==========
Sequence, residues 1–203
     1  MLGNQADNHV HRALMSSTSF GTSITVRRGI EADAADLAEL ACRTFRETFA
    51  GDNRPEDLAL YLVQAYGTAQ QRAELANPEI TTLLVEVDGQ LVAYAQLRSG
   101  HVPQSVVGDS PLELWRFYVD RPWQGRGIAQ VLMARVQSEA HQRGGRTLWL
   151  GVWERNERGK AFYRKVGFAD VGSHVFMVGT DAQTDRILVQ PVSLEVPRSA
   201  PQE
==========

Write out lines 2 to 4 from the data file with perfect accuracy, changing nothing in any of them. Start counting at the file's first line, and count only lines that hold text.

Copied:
     1  MLGNQADNHV HRALMSSTSF GTSITVRRGI EADAADLAEL ACRTFRETFA
    51  GDNRPEDLAL YLVQAYGTAQ QRAELANPEI TTLLVEVDGQ LVAYAQLRSG
   101  HVPQSVVGDS PLELWRFYVD RPWQGRGIAQ VLMARVQSEA HQRGGRTLWL